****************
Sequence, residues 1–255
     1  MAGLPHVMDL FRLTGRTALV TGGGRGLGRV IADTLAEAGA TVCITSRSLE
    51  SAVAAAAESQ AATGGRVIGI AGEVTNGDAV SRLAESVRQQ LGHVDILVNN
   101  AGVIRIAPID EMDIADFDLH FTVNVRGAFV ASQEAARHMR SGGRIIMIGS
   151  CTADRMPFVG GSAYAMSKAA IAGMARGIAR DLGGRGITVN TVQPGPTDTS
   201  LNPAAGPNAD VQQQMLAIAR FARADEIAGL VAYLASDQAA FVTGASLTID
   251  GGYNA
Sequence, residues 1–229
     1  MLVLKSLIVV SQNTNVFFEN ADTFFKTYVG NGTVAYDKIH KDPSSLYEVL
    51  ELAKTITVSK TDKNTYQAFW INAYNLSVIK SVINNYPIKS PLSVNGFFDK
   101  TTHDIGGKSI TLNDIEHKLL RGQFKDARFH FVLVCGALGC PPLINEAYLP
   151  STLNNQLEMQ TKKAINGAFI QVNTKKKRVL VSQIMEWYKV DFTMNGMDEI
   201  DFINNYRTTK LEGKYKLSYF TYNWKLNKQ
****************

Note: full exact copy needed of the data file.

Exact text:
Sequence, residues 1–255
     1  MAGLPHVMDL FRLTGRTALV TGGGRGLGRV IADTLAEAGA TVCITSRSLE
    51  SAVAAAAESQ AATGGRVIGI AGEVTNGDAV SRLAESVRQQ LGHVDILVNN
   101  AGVIRIAPID EMDIADFDLH FTVNVRGAFV ASQEAARHMR SGGRIIMIGS
   151  CTADRMPFVG GSAYAMSKAA IAGMARGIAR DLGGRGITVN TVQPGPTDTS
   201  LNPAAGPNAD VQQQMLAIAR FARADEIAGL VAYLASDQAA FVTGASLTID
   251  GGYNA
Sequence, residues 1–229
     1  MLVLKSLIVV SQNTNVFFEN ADTFFKTYVG NGTVAYDKIH KDPSSLYEVL
    51  ELAKTITVSK TDKNTYQAFW INAYNLSVIK SVINNYPIKS PLSVNGFFDK
   101  TTHDIGGKSI TLNDIEHKLL RGQFKDARFH FVLVCGALGC PPLINEAYLP
   151  STLNNQLEMQ TKKAINGAFI QVNTKKKRVL VSQIMEWYKV DFTMNGMDEI
   201  DFINNYRTTK LEGKYKLSYF TYNWKLNKQ